Library from Wyoming
Efforts to conserve a struggling species of grouse that ranges across the Western U.S. are having far-reaching effects on the region’s energy industry as the Obama administration decides whether the bird needs more protections. ...The U.S. Bureau of Land Management’s delay on the parcels underscores just how much is at stake for an industry that finds its future inextricably intertwined with a bird once known primarily for its elaborate mating display.
Alan Minier, the chairman of the Wyoming Public Service Commission, in a Nov. 21 letter to EPA Administrator Gina McCarthy, wrote that the federal proposal overestimates utilities' ability to improve the efficiency of their coal-fired power plants, overstates the potential growth of renewable power and errs in its calculations concerning Wyoming's natural gas generation. ...The agency assumes the state could install 9.4 million megawatt hours of low-carbon or no-carbon electricity generation by 2030.
Using documents, emails and interviews with former wildlife officials, the AP in articles published last year documented more than four dozen eagle deaths in Wyoming since 2009, and dozens more in California, New Mexico, Oregon, Washington and Nevada. Corporate surveys showed at least 20 eagles found dead in recent years on Pacificorp wind farms in Wyoming. Wind energy companies objected to the AP’s efforts to uncover more information about the numbers of bird deaths.
A proposal to export twice as much Wyoming wind power to Los Angeles as the amount of electricity generated by the Hoover Dam includes an engineering feat even more massive than that famous structure: Four chambers, each approaching the size of the Empire State Building, would be carved from an underground salt deposit to hold huge volumes of compressed air.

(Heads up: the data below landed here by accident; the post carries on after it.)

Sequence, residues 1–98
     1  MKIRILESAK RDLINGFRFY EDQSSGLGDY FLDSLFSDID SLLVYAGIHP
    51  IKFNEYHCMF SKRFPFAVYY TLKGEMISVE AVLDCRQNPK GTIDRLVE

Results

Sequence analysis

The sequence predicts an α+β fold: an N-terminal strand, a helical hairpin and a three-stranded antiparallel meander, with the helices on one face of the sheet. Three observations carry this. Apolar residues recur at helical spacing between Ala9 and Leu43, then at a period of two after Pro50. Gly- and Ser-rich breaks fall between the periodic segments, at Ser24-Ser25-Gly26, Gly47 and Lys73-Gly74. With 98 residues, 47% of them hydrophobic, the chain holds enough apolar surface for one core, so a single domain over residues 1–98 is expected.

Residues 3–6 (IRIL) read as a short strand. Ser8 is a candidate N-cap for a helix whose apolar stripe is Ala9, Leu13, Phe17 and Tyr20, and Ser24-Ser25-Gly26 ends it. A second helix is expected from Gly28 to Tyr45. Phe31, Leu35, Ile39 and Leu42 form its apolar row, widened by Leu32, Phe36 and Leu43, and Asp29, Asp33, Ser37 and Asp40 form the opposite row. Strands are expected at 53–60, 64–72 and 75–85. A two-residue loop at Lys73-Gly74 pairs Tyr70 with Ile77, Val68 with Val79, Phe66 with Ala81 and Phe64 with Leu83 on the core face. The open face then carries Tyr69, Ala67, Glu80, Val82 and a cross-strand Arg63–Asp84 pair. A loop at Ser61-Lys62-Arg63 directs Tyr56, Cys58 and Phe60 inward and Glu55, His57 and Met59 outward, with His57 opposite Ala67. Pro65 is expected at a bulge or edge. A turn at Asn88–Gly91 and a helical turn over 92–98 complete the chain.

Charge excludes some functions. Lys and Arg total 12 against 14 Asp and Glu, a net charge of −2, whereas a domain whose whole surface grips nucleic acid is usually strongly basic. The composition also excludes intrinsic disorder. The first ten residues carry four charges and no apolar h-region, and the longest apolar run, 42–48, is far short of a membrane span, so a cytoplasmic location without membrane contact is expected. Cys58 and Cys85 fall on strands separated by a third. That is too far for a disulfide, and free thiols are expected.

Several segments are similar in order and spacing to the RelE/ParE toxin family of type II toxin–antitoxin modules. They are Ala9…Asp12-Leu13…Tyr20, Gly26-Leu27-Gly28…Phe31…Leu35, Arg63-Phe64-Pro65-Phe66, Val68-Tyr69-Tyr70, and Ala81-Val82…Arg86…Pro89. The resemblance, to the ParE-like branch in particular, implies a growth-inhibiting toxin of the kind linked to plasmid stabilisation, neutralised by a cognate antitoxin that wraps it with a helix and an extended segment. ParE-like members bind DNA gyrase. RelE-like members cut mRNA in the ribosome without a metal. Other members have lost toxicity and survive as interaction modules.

Under the plan proposed on Tuesday, Pathfinder Renewable Wind Energy would build and operate a $4 billion wind farm near Chugwater, Wyo., 40 miles north of Cheyenne. It would generate up to 2,100 megawatts of electricity, the bulk of which would be destined for California's Los Angeles basin.
Why on earth would anyone want to get into the costly, complicated business of wind generation and transmission? ...The business case is to bring renewable energy from Wyoming to California. But like anything else, that remains to be seen, so it is a gamble.
The largest proposed onshore wind project in the United States does not need a recently expired federal tax credit to be commercially viable, the head of the company planning to build 1,000 turbines in Carbon County said last week. ...Electricity generated by the nearly $5 billion facility would be cheaper for utilities and consumers alike if Congress were to renew the credit.
Power Company of Wyoming has also applied to the U.S. Fish and Wildlife Service for an eagle take permit, which would allow the company to kill a designated number of raptors each year ...In its application to the state, the company said it intends to provide $1.68 billion in its own funding to build the project. The remaining $3.11 billion will be financed through debt.
Hutchins believes seasonal shutdowns or retrofitting power lines and towers are useful tools for reducing bird deaths once wind farms are up and running. The best strategy, though, is siting the turbines properly in the first place. “Unfortunately, these things are going up anywhere, including in important bird areas, and we think that’s highly problematic,” Hutchins said.